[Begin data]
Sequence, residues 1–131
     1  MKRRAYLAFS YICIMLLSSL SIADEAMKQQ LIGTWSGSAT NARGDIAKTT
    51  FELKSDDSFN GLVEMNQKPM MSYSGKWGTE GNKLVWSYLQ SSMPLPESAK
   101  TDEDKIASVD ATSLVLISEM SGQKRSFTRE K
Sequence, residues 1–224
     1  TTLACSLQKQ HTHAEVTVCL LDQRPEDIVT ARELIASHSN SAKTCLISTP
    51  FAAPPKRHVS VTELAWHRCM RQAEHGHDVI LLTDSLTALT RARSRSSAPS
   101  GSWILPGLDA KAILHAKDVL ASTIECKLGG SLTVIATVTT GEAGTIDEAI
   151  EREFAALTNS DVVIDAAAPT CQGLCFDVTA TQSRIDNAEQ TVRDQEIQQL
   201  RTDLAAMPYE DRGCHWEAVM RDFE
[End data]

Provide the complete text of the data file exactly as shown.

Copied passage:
Sequence, residues 1–131
     1  MKRRAYLAFS YICIMLLSSL SIADEAMKQQ LIGTWSGSAT NARGDIAKTT
    51  FELKSDDSFN GLVEMNQKPM MSYSGKWGTE GNKLVWSYLQ SSMPLPESAK
   101  TDEDKIASVD ATSLVLISEM SGQKRSFTRE K
Sequence, residues 1–224
     1  TTLACSLQKQ HTHAEVTVCL LDQRPEDIVT ARELIASHSN SAKTCLISTP
    51  FAAPPKRHVS VTELAWHRCM RQAEHGHDVI LLTDSLTALT RARSRSSAPS
   101  GSWILPGLDA KAILHAKDVL ASTIECKLGG SLTVIATVTT GEAGTIDEAI
   151  EREFAALTNS DVVIDAAAPT CQGLCFDVTA TQSRIDNAEQ TVRDQEIQQL
   201  RTDLAAMPYE DRGCHWEAVM RDFE